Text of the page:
There has been a flurry of self-righteous indignation from our medical profession overlords, of course, but little so far from the likes of, say, ASH. Perhaps - considering their usual modus operandi of producing cleverly constructed 'statistics' to 'prove' whichever departure from sanity they are promoting at any time - they just haven't any defence for their utter uselessness right now, so are laying low.
Yes, there was a puff piece last month regurgitating their prior sleight of hand [pdf], but nothing to convince the coalition axemen that ASH themselves are vital or in any way popular.
You know what they need? Figures to show that the public really love them. Yes, that would do it. I dunno, maybe something like a survey directed at those most likely to give the correct responses (and mailed out on Thursday), for example?
"I am writing to ask you to take part in ASH’s public reputation survey, a tightly targeted piece of quantitative market research designed to help us understand perceptions of ASH and its effectiveness among people who are important to our work.So who would these 'tightly targeted' people be? Perhaps question 1 of 20 addresses that (emphasis mine throughout).
The research findings will be presented to the ASH Board of Trustees summarising the issues and challenges facing the organisation."
What is your main connection to ASH? Tick more than one if appropriate.Yes, ASH staff and board members are being asked how the public view them. Along with those whose salary relies on government funding for anti-smoking initiatives, and the odd member of the public ... tightly targeted, of course.
- ASH staff
- ASH Board member
- PCT employee
- Local authority employee
- Member of the Smokefree Action Coalition
- Member of general public/general interest
- Stop Smoking counsellor
- Other (please specify)
Question 3 gets to the point.
How much would you agree or disagree with the following comments about ASH?Now, when you're finally finished sniggering at some of those, can we move on to question 18?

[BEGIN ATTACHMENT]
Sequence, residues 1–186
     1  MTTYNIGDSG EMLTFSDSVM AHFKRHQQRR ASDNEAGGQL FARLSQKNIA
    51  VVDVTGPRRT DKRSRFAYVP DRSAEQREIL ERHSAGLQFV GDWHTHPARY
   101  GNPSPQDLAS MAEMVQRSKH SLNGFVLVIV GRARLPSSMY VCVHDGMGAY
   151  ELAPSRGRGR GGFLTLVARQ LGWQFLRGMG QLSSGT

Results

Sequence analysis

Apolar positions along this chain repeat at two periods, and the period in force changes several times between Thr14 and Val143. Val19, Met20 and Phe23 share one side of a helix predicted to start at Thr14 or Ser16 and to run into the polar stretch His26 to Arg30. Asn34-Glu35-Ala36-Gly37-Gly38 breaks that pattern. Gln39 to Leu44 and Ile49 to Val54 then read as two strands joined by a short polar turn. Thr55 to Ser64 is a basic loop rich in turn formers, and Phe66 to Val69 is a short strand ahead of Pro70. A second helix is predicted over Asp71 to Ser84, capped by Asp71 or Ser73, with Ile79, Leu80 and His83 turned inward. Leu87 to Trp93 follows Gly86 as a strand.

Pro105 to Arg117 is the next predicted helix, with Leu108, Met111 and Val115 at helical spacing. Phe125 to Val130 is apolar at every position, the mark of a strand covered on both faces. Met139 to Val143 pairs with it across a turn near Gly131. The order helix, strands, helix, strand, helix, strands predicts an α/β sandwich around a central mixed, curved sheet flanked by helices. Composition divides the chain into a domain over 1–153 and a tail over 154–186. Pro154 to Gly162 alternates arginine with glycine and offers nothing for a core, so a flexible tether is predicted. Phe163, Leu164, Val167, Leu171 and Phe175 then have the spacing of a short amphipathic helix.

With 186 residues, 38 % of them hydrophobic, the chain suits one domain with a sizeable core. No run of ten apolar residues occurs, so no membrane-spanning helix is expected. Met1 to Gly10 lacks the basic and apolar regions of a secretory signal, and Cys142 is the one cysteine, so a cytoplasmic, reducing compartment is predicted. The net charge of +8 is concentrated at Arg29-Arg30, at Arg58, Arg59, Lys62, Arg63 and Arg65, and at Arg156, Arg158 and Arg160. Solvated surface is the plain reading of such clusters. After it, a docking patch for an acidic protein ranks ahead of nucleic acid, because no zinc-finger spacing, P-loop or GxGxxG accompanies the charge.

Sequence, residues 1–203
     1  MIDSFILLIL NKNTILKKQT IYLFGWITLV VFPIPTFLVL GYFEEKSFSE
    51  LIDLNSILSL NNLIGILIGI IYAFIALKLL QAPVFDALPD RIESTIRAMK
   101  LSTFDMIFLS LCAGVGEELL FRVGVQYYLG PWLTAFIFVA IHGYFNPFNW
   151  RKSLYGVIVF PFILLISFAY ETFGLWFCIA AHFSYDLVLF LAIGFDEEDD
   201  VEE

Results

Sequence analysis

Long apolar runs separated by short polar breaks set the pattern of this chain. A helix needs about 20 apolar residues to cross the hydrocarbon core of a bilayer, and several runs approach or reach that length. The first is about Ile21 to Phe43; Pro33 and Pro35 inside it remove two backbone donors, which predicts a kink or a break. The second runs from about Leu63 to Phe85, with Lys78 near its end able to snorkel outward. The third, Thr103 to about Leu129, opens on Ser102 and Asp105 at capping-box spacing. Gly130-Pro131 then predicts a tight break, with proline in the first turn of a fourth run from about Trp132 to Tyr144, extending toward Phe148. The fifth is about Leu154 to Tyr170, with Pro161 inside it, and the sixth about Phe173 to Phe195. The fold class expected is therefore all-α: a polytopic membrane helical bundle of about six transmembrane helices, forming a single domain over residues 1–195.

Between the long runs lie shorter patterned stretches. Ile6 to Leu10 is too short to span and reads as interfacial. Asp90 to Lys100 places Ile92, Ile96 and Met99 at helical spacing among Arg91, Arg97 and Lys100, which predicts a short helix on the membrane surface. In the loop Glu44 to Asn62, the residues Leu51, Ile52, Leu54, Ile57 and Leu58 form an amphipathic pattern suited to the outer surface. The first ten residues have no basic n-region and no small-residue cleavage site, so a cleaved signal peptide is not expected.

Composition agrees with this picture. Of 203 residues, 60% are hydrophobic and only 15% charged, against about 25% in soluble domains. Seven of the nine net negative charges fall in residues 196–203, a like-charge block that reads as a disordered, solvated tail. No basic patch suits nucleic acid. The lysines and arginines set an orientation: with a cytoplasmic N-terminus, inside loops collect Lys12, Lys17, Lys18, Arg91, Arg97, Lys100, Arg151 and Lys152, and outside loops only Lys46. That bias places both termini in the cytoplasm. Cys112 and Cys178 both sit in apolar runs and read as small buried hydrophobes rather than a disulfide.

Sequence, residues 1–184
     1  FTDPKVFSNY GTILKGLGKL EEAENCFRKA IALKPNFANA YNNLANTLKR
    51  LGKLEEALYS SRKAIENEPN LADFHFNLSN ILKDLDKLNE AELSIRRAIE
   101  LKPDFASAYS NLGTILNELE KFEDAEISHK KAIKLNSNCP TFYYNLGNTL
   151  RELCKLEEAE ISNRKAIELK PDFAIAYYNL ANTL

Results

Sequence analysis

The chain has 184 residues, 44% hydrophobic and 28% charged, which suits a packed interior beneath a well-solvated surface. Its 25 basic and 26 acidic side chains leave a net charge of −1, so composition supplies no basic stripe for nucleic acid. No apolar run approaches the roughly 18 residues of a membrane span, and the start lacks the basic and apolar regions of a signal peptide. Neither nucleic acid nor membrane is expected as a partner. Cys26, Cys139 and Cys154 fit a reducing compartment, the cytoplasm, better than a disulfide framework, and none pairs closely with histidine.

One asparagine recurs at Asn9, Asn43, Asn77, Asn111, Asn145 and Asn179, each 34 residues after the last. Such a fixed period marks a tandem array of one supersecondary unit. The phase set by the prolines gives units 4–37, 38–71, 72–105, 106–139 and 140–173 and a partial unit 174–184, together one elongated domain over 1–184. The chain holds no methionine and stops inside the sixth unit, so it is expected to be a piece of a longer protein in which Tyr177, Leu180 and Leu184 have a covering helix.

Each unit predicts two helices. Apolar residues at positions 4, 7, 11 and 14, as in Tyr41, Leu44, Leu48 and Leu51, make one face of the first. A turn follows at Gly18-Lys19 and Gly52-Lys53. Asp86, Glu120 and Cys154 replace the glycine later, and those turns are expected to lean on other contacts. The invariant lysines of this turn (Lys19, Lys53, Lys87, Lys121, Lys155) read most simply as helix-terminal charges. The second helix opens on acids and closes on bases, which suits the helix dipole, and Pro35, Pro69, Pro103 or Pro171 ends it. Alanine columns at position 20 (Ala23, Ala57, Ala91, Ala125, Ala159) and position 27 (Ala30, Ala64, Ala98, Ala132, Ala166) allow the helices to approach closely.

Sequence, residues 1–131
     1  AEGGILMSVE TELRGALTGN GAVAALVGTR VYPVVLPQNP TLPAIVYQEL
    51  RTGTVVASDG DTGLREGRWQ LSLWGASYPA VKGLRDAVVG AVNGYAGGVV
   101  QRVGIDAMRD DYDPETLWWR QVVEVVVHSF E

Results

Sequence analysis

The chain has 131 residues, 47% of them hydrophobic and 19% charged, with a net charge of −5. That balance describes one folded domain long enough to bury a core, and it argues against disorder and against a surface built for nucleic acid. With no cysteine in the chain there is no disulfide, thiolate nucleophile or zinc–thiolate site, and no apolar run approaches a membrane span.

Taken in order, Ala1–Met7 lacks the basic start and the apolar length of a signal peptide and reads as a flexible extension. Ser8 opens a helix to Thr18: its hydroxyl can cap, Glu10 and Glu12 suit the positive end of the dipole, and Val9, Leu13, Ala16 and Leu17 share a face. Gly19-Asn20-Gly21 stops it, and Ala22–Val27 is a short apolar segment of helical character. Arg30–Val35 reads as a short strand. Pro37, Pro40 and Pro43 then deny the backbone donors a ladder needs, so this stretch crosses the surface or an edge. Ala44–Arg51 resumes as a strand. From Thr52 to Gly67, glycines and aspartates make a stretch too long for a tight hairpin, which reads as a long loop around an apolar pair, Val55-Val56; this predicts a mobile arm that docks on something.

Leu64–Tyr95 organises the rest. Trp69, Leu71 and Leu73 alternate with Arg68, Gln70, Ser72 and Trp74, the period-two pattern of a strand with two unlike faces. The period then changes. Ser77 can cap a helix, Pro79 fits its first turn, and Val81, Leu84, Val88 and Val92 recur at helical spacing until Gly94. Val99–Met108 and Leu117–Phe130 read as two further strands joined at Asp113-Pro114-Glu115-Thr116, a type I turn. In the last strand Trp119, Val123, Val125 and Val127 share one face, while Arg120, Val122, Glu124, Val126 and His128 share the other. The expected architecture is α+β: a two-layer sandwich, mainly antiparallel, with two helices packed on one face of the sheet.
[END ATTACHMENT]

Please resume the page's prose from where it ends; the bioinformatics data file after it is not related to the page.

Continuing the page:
- insufficiently resourced
- factually credible
- effective networkers
- evidence based campaigners
Which of the following would you see as important priorities for ASH over the next five years (The most important - tick one only in this column. Important but not most important - tick as many as apply)Yep, I reckon that with their selection of respondents, the mere mention of funding to those who are no doubt worried about their state-financed mortgages, and the exclusion of all but the most trusted members of the public, they may well be able to cobble together something to convince dullard MPs that ASH are more popular than Jesus and therefore indispensable.
- Coordinating and leading the work of the Smokefree Action Coalition
- Working to ensure sustained funding for tobacco control
- Campaigning for continued government support for a comprehensive tobacco control strategy
- Supporting implementation of the Health Act legislation to prohibit tobacco displays at point of sale and sale of tobacco from vending machines
- Supporting local advocacy
- Revealing tobacco industry malpractice
- Maintaining a reputation for impartial advice
- Promoting tobacco control to the media
- Providing up to date information on tobacco issues
- Producing reports on key issues in tobacco control
- Responding to consultations on public health issues to ensure that tobacco is taken into account in the development of public policy
- Commissioning research to add to the evidence base for tobacco control (e.g. opinion polling, economic reports etc.)
- Supporting development and implementation of the WHO Framework Convention on Tobacco Control
- Supporting tobacco control implementation at EU level
- Other (please specify)
Me? I find it satisfying that ASH are at last admitting that one of their main purposes is simply to justify their very existence.